The Standards Board is an organisation under fire. The local government watchdog is facing calls for its abolition following negative publicity over recent investigations. The most high-profile case involved Paul Dimoldenberg, a Westminster councillor who was investigated for whistleblowing in the ‘homes for votes’ scandal involving Dame Shirley Porter. The Standards Board investigation was said to have cost the organisation (and therefore the taxpayer) £50,000 in external legal fees, half of its annual budget.
Chris Boothman, head of legal services at the board, defends the decision to investigate Dimoldenberg. “As a watchdog, we can’t decide what we investigate,” he says. “If there’s a breach of the code we have to investigate.”
And as for the large amount of money spent on the case, Boothman believes the organisation was left with little option. “We were responding to the pressure we were put under by the defendant,” he explains. “Once Dimoldenberg instructed a QC, we had to follow suit.”
Dimoldenberg was found to be in breach of the board’s code of conduct, as there were no provisions for a public interest defence. And although the code has now been changed so that councillors can leak information to the media if it is in the public interest, the board’s future is still in doubt.
Boothman does not think the criticisms of the board in respect of the Dimoldenberg case are justified, but he admits that the organisation is facing a series of challenges as to how it carries out its work. “At the moment we’re undergoing a review process that will probably reduce our responsibilities,” he concedes. “There are also plans to downsize the board and move us out of London.” The board is meant to be relocating to Manchester from London, but the move has been delayed, prompting further speculation about its future.
The Standards Board was set up in 2001 to promote ethical behaviour across its member organisations and to investigate breaches of its code of conduct. The board works with thousands of authorities, including 386 local authorities, 8,350 parish councils and 43 police authorities.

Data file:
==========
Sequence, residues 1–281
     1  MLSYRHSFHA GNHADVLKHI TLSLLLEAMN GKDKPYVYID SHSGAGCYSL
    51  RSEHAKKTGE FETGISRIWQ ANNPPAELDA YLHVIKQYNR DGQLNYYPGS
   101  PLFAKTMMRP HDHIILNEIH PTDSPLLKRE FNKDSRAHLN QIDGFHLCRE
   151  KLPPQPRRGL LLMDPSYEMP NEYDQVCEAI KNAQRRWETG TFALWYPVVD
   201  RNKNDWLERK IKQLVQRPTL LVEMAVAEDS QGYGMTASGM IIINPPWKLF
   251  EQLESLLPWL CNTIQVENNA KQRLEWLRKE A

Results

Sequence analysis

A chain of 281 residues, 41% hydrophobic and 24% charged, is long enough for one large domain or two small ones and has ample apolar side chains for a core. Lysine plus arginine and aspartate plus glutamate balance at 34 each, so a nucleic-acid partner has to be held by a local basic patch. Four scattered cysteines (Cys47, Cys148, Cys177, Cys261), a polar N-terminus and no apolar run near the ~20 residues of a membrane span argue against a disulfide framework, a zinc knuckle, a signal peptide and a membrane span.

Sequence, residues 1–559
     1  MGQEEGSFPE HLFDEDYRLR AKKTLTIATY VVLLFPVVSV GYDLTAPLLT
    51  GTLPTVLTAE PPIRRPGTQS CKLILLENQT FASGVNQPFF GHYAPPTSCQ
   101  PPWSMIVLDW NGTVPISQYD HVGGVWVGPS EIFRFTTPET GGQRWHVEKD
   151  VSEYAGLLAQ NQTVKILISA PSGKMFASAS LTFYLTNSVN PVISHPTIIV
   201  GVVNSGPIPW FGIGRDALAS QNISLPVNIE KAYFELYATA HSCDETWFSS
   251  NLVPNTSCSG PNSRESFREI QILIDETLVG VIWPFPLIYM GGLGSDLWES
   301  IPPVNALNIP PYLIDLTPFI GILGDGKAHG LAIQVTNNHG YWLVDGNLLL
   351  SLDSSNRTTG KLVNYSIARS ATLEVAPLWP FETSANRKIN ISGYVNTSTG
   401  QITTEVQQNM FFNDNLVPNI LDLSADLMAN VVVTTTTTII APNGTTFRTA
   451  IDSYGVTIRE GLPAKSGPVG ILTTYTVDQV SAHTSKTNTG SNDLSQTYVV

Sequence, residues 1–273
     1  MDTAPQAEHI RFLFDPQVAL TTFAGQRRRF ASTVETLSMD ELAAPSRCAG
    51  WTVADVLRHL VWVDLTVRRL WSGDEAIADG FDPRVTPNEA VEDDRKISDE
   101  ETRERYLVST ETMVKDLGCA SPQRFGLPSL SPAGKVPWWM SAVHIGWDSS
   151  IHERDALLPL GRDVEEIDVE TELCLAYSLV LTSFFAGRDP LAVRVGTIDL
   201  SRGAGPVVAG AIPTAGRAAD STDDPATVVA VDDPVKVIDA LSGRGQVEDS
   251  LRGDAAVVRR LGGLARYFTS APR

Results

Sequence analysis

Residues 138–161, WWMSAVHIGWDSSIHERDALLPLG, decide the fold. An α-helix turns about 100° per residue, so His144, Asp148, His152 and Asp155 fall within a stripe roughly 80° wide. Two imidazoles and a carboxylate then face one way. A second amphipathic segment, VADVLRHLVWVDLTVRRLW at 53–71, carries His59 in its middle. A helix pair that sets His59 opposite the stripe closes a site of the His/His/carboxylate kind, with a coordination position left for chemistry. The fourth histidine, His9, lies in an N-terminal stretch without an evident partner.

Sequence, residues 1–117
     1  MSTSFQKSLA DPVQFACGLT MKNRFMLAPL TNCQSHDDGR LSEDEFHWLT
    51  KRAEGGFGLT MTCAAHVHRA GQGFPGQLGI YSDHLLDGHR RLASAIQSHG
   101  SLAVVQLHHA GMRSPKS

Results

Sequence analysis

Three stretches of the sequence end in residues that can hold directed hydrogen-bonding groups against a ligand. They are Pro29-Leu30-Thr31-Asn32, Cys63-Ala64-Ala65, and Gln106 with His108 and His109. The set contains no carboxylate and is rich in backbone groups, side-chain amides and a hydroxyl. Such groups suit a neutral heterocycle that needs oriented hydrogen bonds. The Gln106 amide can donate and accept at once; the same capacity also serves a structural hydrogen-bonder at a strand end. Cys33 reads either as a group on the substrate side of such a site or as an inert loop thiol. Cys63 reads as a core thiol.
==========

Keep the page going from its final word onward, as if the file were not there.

Boothman has been with the organisation almost since the beginning, helping to set up and define its legal department. “Our primary functions are to keep the organisation out of trouble and to make sure our cases are robust,” he says.
Boothman has eight lawyers on his team. The key requirement for a position in the team is a background in local government. Boothman has been able to ensure that his lawyers take a hands-on approach to their work.
The board’s lawyers represent it at the majority of the tribunals and outside counsel are only brought in for very big cases, or when specialist knowledge is required. “Because we started as a new organisation, I decided it would be both good for the organisation and good for the staff to be doing as much of the advocacy as possible,” explains Boothman.
It is a heavy workload – Boothman estimates that every lawyer on his team attends on average two tribunals a week.
Boothman has worked in the public sector for most of his career. Before he joined the Standards Board he spent 10 years at the Commission for Racial Equality as legal director. During his tenure there was the inquiry into the death of black teenager Stephen Lawrence, which subsequently led to changes to the race relations laws. He has also spent time working for the London Boroughs of Hackney and Camden as well as the Greater London Council.
But it could all have been so different, because Boothman started his life as a litigator at Gordon & James Morton Carey defending “murderers and rapists”, as he puts it. After a few years, not wanting to be “pigeonholed”, he made the leap into the public sector.
Boothman’s dedication to the public sector, though, would still appear to come second to one of his lifelong loves – the Notting Hill Carnival. For the past 18 months Boothman has sat on the carnival’s board, but his association with Europe’s biggest street party goes much further than that. As a boy he used to help his mother sell food at the event before taking up the steel drums and being part of the parade. Not one to miss out on a chance to party, Boothman still dons a costume every year to dance round the streets of West London.
And with the future of the Standards Board uncertain, Boothman appears to be already thinking about a change of career. He has been reviewing the newspapers for openings at some of London’s radio stations and admits to “a desire to work in the media”.
Whatever the prospects for the Standards Board, it would seem that, with his media ambitions and carnival cavorting, Boothman is likely to ride out the storm.
Head of legal services
|Head of legal services||Chris Boothman|
|Reporting to||Chief executive David Prince|
|Main chambers||Blackstone, Cloisters, Landmark and Matrix|